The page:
Hiking Mont Blanc

Getting to the top of the Alps’ highest mountain involves rigor and training, but some creature comforts line the way there.

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Mont Blanc Massif reflects in the still waters of Lake Blanc (Lac Blanc).

A specific hiking trek takes intrepid souls to the breathtaking vistas of Mont Blanc, the highest of the Alps. The snow-capped peaks inspire the French name for white mountain.

Hikers flock to Mont Blanc because of the challenge. For those not quite ready for Mount Kilimanjaro, Mont Blanc seems like the perfect start: challenging, yet luxurious. One theory is that it’s a “step above camping” by using hostels or simple, mountainside hotels.

Besides airfare, there’s the price for the excursion, food and lodging. Three meals daily consist of delicious fresh foods. Hefty bovines on the mountain supply the milk, and there’s a full variety of breakfast items.

Chamonix has charming inns balanced by exalted scenery.
The stunning scenery provides a romantic backdrop for couples to share a rigorous challenge.
Hikers view this unique, adventurous trip as a victory, pushing them to a new level of fitness.

Excursion

Travelers can research program itineraries online and consult travel agents for flights and hotels to stay at before the trek starts. Arrive a few days early to acclimate to the altitude.

In the rugged terrain, guides provide assistance when needed while hikers carry day packs with about 15 pounds of layered clothing, photographic gear and small amounts of food. A van transports luggage and heavier gear between the lodges, plus food for large lunches. Getting to an ice cave is accomplished by ascending the mountain by train, having lunch and hiking on the glacier. Hikers sleep indoors, which is one of the many reasons they choose this trip – it’s not a tent on Kilimanjaro.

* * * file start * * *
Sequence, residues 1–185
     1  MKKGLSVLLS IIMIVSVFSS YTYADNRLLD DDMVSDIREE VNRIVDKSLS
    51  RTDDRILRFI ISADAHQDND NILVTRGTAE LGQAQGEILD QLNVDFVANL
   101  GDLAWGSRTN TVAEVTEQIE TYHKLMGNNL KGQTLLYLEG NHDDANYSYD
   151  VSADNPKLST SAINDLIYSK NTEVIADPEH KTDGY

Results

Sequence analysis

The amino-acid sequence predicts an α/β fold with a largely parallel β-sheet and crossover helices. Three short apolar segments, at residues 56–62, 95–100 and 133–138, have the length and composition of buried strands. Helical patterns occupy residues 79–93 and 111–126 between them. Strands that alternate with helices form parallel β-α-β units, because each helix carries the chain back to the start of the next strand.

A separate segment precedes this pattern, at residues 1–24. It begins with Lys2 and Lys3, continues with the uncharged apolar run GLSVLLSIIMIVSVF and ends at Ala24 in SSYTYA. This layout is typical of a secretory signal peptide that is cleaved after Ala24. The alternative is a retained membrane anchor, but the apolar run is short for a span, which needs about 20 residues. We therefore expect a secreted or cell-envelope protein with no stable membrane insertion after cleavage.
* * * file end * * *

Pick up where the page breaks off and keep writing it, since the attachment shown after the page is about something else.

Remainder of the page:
Visitors might enjoy a delicious cake named after Mont Blanc at one of the fine dining establishments along the way.
Farmhouses and chalets adorn the countryside near Mont Blanc.

Training and preparation

To train for this trip, hikers should begin at least three months ahead of time. They should perform at least an hour’s aerobic activity four times weekly. A high-tech workout could include a step machine with an oxygen mask that mimics altitudes of 3,000, 6,000, 12,000 and 16,000 feet. Veterans recommend wearing hiking boots while running, power walking several miles a day, or using the Stairmaster. Since hiking poles are used for pulling and supporting you when you’re tired, you should strengthen your biceps and triceps.

You don’t want to quit after the first day because the guide finds you unprepared. If so, resting hikers can catch up to everyone by car.

The route for this particular trip starts in Chamonix, France, and continues into Italy and Switzerland before looping back into France. The day starts at about 7 a.m. and ends at 6 p.m. The only way to the summit is with ropes and ice shoes because of solid ice at 15,781 feet. Ice rappelling is the method of descent. Guides are a must with three or more people per guide.

Culture

Spending a couple of days in each splendid country makes this a cultural trip as well. The villages you walk through add variety to the landscape.

Chamonix has charming inns balanced by exalted scenery, waterfalls and brooks. Hillsides of pine trees enhance meadows. Farmhouses and chalets adorn the countryside. Savor the cafes’ sumptuous meals of authentic country cooking, including charcuterie, fondue and raclette. Enjoy the Maison Vielle while in Courmayer, Italy. Celebrities frequent this cozy tavern.

Hikers view this unique, adventurous trip as a victory for themselves. It pushes you to a new level of fitness and creates lasting memories. The stunning scenery provides a romantic backdrop for couples to share a rigorous challenge.

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